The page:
• Even though the Nazi leaders who opposed psychology and the therapists who collaborated with authorities against Jews focused much of their ire on Sigmund Freud's ideas, Freud himself resisted leaving his home in Vienna, Austria, to the point that he nearly waited too long. When the Nazis first took power in Germany in 1933, they publicly burned books by Freud and other "enemies of the state" such as Albert Einstein. "What progress we are making," Freud mused (Reef, 2001, p. 191). "In the Middle Ages they would have burnt me; nowadays they are content with burning my books." When the Nazis occupied Austria in 1938, he refused to leave despite friends' encouragement and even pleas. Nazi gangs repeatedly invaded his home. Only after the arrest and release of his daughter, psychoanalyst Anna Freud, did he at last leave for London, where he died the following year. Four of his five sisters soon died in concentration camps. 
  • Not everyone got out. Austrian Viktor Frankl got sent to Auschwitz and, from there, to other concentration camps over the course of three years. Nazis killed his wife, his parents, his brother, and nearly every other relative except for a sister who escaped to Australia (Klingberg, 2001). Over the course of nine days shortly after Americans freed him from Dachau, he wrote what would become the first part of Man's Search for Meaning (Frankl, 1946, 1958/2006, 1962/2006). One of the world's most influential books, it describes his experiences under the Nazis and then outlines his therapeutic method, logotherapy, key to existential psychology. His work exists and endures only because he happened to belong to the tiny percentage of concentration camp victims who survived. Imagine how much the world lost with all those who did not make it.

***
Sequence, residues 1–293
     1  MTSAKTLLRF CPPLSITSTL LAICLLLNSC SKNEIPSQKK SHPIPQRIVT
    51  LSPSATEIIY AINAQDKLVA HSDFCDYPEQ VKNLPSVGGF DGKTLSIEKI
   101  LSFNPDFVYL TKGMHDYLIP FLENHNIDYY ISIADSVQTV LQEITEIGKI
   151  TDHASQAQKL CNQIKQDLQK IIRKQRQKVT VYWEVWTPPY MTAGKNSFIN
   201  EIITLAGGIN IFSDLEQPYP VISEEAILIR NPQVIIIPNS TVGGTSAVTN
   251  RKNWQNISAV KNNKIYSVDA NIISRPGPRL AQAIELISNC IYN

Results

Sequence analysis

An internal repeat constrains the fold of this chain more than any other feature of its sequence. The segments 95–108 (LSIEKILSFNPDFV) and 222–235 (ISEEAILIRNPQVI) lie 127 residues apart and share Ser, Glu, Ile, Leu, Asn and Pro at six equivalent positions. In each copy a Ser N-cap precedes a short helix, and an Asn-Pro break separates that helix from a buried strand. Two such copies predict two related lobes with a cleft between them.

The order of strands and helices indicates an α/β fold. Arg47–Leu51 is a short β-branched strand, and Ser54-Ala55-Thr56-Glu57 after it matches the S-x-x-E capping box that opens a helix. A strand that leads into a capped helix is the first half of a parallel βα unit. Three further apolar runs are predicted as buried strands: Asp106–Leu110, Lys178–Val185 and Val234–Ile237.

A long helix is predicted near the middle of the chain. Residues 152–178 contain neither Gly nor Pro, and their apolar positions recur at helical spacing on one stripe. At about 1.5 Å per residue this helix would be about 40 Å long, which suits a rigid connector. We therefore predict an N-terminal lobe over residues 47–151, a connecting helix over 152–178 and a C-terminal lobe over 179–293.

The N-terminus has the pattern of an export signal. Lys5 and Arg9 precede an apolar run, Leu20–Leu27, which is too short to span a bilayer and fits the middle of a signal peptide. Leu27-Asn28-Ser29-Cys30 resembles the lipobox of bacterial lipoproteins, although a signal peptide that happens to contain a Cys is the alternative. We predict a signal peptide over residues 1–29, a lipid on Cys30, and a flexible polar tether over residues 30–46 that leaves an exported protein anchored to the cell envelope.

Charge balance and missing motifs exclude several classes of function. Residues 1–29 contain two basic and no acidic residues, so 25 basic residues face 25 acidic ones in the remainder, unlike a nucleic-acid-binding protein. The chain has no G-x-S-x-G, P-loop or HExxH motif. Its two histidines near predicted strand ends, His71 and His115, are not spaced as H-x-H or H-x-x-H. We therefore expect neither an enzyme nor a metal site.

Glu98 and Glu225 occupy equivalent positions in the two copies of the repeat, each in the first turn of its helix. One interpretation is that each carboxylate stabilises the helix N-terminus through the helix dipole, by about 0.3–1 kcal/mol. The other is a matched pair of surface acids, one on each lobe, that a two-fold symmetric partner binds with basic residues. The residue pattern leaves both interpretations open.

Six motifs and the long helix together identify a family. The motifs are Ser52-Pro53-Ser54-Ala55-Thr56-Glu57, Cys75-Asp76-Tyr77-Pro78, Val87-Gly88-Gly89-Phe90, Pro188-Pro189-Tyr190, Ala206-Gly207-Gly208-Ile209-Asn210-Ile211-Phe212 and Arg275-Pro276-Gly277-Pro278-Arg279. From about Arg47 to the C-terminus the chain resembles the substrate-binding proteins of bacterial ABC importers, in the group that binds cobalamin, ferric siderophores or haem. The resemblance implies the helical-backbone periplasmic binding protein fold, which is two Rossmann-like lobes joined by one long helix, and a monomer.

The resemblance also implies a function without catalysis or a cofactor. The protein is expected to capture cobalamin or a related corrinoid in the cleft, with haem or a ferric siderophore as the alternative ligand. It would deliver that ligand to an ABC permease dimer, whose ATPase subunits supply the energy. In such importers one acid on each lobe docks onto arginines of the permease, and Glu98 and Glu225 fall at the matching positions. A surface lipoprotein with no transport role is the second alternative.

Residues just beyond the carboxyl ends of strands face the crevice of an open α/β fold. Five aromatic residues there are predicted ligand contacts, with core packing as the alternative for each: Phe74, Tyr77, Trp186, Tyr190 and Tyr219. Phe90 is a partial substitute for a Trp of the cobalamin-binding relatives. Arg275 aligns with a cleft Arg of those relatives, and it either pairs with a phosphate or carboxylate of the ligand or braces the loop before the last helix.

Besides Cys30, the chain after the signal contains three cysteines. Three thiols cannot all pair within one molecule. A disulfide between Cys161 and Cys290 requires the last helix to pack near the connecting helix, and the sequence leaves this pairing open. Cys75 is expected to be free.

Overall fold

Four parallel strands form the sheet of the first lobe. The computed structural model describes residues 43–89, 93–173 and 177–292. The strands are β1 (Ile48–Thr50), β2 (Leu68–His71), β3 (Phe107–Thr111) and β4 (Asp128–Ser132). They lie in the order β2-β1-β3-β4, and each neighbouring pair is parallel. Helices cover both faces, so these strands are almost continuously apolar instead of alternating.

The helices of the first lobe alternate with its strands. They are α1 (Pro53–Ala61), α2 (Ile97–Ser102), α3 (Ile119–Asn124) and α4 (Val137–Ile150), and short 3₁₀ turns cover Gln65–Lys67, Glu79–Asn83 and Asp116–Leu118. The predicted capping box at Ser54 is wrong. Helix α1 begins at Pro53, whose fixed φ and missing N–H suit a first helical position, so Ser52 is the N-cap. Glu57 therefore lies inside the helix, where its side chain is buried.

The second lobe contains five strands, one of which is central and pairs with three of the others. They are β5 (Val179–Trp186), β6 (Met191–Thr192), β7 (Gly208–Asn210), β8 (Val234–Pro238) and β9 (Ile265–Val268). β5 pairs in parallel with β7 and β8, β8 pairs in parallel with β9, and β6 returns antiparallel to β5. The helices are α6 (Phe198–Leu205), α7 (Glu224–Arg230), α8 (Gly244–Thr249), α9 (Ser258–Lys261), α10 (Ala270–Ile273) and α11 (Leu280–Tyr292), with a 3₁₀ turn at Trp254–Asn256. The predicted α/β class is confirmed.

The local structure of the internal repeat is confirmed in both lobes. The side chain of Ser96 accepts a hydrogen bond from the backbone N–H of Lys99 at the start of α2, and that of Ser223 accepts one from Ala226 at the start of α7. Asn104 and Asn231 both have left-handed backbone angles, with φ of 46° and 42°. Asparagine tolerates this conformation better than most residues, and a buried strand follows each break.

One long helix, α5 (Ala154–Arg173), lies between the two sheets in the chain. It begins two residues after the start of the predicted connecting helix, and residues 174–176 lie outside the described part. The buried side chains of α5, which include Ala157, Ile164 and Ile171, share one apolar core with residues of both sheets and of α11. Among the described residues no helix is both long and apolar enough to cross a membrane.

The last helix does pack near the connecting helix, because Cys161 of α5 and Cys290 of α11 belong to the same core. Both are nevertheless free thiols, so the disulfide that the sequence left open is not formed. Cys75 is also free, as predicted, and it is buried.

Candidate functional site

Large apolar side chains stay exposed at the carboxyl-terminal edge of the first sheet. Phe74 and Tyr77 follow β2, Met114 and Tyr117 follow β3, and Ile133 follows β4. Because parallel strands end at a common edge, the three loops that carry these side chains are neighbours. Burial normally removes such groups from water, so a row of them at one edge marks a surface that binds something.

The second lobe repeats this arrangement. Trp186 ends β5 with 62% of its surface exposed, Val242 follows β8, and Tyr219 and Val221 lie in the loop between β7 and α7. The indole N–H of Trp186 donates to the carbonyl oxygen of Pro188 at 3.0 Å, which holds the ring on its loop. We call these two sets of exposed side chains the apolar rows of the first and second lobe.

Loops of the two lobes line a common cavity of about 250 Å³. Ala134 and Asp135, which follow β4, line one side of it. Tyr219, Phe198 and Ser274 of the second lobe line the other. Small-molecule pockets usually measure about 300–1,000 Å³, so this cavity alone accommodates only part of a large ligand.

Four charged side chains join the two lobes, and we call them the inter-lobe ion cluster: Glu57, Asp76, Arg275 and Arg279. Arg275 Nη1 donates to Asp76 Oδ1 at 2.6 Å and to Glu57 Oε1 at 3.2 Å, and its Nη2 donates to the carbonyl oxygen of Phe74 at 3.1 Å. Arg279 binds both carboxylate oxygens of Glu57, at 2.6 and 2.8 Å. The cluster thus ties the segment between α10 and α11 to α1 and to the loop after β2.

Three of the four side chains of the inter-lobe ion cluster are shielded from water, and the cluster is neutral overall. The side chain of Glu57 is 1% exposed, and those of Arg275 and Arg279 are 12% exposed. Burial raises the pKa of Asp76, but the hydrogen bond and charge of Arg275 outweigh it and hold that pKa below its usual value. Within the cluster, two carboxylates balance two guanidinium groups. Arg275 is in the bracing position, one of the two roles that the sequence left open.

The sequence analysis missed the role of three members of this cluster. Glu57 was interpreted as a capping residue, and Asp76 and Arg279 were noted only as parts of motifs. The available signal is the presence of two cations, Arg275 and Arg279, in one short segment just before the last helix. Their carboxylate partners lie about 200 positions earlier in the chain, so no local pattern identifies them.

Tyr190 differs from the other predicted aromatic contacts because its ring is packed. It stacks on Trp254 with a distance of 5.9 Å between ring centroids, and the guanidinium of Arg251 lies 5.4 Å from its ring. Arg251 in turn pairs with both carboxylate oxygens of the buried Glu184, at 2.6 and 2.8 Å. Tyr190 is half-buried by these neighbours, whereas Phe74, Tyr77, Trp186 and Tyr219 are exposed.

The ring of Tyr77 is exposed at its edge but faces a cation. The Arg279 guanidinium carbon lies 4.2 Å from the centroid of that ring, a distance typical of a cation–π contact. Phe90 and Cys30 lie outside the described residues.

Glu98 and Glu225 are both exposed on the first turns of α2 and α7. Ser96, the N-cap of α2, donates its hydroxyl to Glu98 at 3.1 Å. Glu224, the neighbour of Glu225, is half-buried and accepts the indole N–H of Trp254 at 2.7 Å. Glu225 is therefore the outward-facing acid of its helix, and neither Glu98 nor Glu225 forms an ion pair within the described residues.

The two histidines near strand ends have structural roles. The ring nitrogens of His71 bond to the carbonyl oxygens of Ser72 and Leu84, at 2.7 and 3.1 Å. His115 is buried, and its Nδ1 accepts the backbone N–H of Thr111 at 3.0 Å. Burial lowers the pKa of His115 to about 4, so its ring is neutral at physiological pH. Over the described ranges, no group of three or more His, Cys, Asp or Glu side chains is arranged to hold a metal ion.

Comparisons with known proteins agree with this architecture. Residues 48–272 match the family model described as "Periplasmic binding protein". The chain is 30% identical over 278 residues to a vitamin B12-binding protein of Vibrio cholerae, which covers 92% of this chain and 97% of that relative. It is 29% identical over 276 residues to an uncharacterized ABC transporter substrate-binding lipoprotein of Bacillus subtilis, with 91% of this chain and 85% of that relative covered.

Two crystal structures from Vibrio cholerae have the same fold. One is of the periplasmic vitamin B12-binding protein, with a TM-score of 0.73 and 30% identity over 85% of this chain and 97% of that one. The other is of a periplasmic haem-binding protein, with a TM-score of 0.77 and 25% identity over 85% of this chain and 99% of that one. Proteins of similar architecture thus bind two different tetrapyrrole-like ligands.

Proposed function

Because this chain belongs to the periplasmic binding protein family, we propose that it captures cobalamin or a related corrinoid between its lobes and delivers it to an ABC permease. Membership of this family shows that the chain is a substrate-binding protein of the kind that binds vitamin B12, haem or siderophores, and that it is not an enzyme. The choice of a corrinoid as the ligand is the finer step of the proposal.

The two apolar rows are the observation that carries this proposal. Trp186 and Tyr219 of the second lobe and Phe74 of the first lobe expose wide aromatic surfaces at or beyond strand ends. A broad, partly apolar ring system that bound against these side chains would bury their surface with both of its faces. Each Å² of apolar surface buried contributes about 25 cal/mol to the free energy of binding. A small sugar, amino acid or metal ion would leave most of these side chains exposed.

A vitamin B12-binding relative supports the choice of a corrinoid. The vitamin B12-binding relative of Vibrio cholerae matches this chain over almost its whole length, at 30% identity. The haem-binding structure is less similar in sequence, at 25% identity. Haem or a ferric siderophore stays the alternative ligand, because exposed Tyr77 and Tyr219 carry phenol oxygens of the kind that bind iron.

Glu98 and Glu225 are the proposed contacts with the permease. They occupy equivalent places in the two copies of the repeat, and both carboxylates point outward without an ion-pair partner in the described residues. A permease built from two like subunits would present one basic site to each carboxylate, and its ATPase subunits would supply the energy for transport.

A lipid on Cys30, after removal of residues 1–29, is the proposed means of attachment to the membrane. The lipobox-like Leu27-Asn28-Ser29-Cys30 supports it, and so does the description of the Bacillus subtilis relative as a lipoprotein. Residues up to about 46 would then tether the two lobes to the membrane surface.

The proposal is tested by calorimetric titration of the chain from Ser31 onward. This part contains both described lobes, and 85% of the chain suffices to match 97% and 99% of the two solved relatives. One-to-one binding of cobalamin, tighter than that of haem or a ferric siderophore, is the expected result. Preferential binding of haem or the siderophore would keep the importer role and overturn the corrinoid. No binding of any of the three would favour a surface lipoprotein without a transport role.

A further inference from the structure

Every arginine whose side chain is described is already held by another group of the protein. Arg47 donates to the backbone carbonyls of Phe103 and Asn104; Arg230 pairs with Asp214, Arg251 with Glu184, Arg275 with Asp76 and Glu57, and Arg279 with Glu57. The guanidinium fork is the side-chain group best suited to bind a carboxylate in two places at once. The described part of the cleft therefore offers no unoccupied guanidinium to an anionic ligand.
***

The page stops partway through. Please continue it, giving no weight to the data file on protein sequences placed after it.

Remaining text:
What of those psychotherapists who at times seemed to thrive under Nazi rule? They faced consequences for their cooperation with fascist authorities, ranging from Harald Schultz-Hencke who encountered great controversy for the rest of his life to ardent Nazi Matthias Heinrich Göring who died in a Poznań prison. In tales of deals with the devil, the devil comes to collect what's due.

Related posts


Benjamin, L. T., Jr. (1993). A history of psychology in letters. Dubuque, IA: Brown & Benchmark. 

Cocks, G. (1985/2018). Psychotherapy in the Third Reich (2nd ed.) London, UK: Routledge.

Frankl, V. E. (1946). …trotzdem Ja zum Leben sagen: Ein Psycholog erlebt das Konzentationslager […Nevertheless say ‘yes’ to life: A psychologist experiences the concentration camp]. Vienna, Austria: Verlag.

Frankl, V. E. (1959/2006). From death-camp to existentialism (I. Lasch, Trans.). Boston, MA: Beacon.  (Original work published 1946—see above).

Frankl, V. E. (1962/2006). Man’s search for meaning: An introduction to logotherapy (I. Lasch, Trans., part I). Boston, MA: Beacon. (Part I, original work published 1946—see above. Part II, original to 1962 edition.)

Fromm, E. (1941). Escape from freedom. New York, NY: Rinehart.

Fromm, E. (1955). The sane society. New York, NY: Rinehart.

Goggin, J., & Goggin, E. (2001). Death of a "Jewish science": Psychoanalysis in Nazi Germany. West Lafayette, IN: Purdue University Press.

Klingberg, H. (2001). When life calls out to us: The love and lifework of Viktor and Elly Frankl. New York, NY: Doubleday.

Reef, C. (2001). Sigmund Freud: Pioneer of the mind. New York, NY: Clarion.